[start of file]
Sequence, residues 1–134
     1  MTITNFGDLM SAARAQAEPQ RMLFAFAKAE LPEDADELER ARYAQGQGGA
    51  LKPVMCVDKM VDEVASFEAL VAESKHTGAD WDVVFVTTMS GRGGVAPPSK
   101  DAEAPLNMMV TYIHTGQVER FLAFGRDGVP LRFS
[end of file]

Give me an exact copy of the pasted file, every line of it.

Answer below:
Sequence, residues 1–134
     1  MTITNFGDLM SAARAQAEPQ RMLFAFAKAE LPEDADELER ARYAQGQGGA
    51  LKPVMCVDKM VDEVASFEAL VAESKHTGAD WDVVFVTTMS GRGGVAPPSK
   101  DAEAPLNMMV TYIHTGQVER FLAFGRDGVP LRFS